86 F.Supp. 867 (1949)
KAUFMAN & RUDERMAN, Inc.
COHN & ROSENBERGER, Inc.
United States District Court S. D. New York.
June 16, 1949.
Morris Kirschstein, New York City, for plaintiff.
Mock & Blum, New York City, for defendant.
HULBERT, District Judge.
Defendant moves under Federal Rules of Civil Procedure, Rules 12(b) and 56, 28 U.S.C.A., to dismiss the second count in the complaint on the ground that the Court lacks jurisdiction of the subject matter and that the second count fails to state a claim on which relief can be granted. Alternatively defendant moves that if the Court has jurisdiction, it should decline to exercise it because a prior action was started on the same subject matter in the New York Supreme Court and is still pending.
The complaint pleads two counts: (1) plaintiff seeks a judgment pursuant to R.S. § 4915, 35 U.S.C.A. § 63, decreeing that it is entitled to have registered in the United States Patent Office its trade mark "KARU", and (2) plaintiff seeks a declaratory judgment holding that plaintiff's trade mark "KARU" does not infringe on any of defendant's which are combinations using the word CORO. No question is raised as to the first count, jurisdiction being admitted under federal law.
Concerning the second count, both plaintiff and defendant are New York corporations. Jurisdiction is alleged in the complaint to lie under Trade-Mark Act of 1905, §§ 17-20, 33 Stat. 728, 729, as amended, 15 U.S.C.A. §§ 97-100 and 28 U.S.C.A. § 400, now 28 U.S.C.A. § 2201 et seq.
In the second count, plaintiff alleges that it has been designing and marketing costume jewelry using the name KARU on it since 1928; that it registered the trade mark KARU in the United States Patent Office (opposition to which mark was later sustained by the Commissioner of Patents); that plaintiff's mark is not subject to confusion with defendant's; that defendant has alleged to the public that plaintiff has infringed defendant's trade marks. As aforesaid, plaintiff seeks a declaratory judgment holding plaintiff's mark is valid and registrable and that it does not infringe defendant's marks, or in the alternative that defendant's marks are invalid; and finally plaintiff seeks an injunction restraining defendant from further threatening plaintiff or its customers with infringement.
It is elementary law that the declaratory judgment section of the Judicial Code did not enlarge the jurisdiction of the federal courts, Atlantic Meat Co. v. R. F. C., 1 Cir., 166 F.2d 51, nor did it create any new substantive rights. American Blower Corp. v. B. F. Sturtevant Co., D.C.S.D.N.Y.1945, 61 F.Supp. 756. Since, admittedly, there is no diversity of citizenship, we must look to determine whether the second count arises under any of the laws of the United States.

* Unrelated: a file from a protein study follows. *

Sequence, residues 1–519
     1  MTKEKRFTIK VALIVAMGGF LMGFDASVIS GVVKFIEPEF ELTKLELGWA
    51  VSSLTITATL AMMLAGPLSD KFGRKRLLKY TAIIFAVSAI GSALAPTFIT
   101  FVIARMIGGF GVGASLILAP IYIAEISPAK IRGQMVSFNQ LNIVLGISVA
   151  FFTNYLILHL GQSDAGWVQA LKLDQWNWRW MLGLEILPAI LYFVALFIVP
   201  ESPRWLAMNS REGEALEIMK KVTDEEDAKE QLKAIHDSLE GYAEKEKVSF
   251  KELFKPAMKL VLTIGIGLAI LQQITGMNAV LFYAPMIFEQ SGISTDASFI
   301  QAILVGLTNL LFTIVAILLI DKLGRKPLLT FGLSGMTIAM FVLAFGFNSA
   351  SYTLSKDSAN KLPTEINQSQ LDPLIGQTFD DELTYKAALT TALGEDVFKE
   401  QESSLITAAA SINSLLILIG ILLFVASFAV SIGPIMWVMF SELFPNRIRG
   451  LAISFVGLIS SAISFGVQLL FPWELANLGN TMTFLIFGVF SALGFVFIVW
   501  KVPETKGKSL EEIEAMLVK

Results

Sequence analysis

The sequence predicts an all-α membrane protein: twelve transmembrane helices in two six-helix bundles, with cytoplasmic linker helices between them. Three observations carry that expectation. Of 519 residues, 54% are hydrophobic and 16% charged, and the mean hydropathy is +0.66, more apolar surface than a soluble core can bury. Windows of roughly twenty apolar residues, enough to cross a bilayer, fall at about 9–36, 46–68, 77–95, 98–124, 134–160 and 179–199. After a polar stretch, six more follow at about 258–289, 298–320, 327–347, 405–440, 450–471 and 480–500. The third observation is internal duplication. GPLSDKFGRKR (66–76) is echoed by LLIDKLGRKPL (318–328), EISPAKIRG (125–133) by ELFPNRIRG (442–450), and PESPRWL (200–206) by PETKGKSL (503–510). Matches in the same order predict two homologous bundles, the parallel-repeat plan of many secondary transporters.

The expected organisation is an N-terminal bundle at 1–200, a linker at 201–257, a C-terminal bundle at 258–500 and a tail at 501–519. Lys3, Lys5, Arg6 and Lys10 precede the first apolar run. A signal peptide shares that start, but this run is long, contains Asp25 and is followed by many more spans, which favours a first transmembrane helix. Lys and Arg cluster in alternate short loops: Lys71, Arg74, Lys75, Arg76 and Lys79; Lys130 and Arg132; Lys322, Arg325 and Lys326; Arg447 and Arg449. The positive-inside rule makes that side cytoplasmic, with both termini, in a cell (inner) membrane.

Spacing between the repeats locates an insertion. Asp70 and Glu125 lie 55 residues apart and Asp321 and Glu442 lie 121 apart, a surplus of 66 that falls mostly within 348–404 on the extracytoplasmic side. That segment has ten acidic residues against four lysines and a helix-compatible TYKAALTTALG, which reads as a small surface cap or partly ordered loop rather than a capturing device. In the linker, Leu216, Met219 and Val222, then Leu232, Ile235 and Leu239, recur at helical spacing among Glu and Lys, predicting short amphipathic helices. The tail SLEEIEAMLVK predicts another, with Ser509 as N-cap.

The old Trade Mark Act, 15 U.S. C.A. §§ 97-100, on which plaintiff relies for jurisdiction is not applicable to the situation herein. Those sections provide for actions against infringers, or suits by one who claims that his registered trade mark is being infringed by another. This action, on the other hand, looks to a judgment declaring non-infringement, just the converse of the action contemplated by sections 97 to 100. cf. Magic Foam Sales Corp. v. Mystic Foam Corp., 6 Cir., 167 F.2d 88.
It is well settled that registration of a trade mark in the United States Patent Office does not create any substantive rights in the registrant. It merely gives the registrant procedural advantages. Armstrong Paint & Varnish Works v. Nu-Enamel Corp., 305 U.S. 315, 59 S.Ct. 191, 83 L.Ed. 195; Best & Co. v. Miller, 2 Cir., 167 F.2d 374.
The Court is of the opinion that we do not have jurisdiction of the second count since it does not arise under the laws of the United States, and there being no diversity of citizenship. The reasoning of the Magic Foam Sales Corp. v. Mystic Foam Corp. case, supra, is most persuasive. There the plaintiff, whose trade mark was not registered, sought to enjoin the defendant from using the mark "Mystic Foam" on any of its products. Later by amendment, plaintiff also sought a declaratory judgment declaring plaintiff's rights in its trade mark "Magic Foam". In the absence of diversity of citizenship, the Court of Appeals sustained the dismissal of the complaint. The similarity of these facts to those in the instant case is striking.
There remains for determination whether the second count is so related to the first as to come within the rule of Hurn v. Oursler, 289 U.S. 238, 53 S.Ct. 586, 77 L. Ed. 1148. We think it does not. The first count in the complaint looks to an order directing the Commissioner of Patents to register plaintiff's trade mark. The second count looks to an adjudication as between plaintiff and defendant of the question of infringement and validity of defendant's trade marks. In substance, as matters now stand, plaintiff is asserting, in the second count, the right to the protection of its unregistered trade mark — a distinctly non-federal cause, coming within the rule of part two of the Hurn case, supra, which held that a non-federal claim was properly dismissed for lack of jurisdiction.
Finally, the second count does not state a claim for unfair competition so as to come within 28 U.S.C.A. § 1338. Although some elements of unfair competition are alleged in the second count, the claim as a whole is the traditional one for a declaratory judgment, with incidental relief.
Settle order on notice.